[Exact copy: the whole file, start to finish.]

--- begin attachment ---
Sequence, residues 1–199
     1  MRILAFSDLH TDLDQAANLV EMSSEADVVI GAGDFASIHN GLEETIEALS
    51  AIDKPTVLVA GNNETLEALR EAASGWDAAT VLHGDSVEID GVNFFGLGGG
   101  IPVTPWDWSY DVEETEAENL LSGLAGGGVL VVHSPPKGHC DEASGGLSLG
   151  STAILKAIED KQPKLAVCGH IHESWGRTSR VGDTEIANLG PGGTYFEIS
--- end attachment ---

Sequence, residues 1–199
     1  MRILAFSDLH TDLDQAANLV EMSSEADVVI GAGDFASIHN GLEETIEALS
    51  AIDKPTVLVA GNNETLEALR EAASGWDAAT VLHGDSVEID GVNFFGLGGG
   101  IPVTPWDWSY DVEETEAENL LSGLAGGGVL VVHSPPKGHC DEASGGLSLG
   151  STAILKAIED KQPKLAVCGH IHESWGRTSR VGDTEIANLG PGGTYFEIS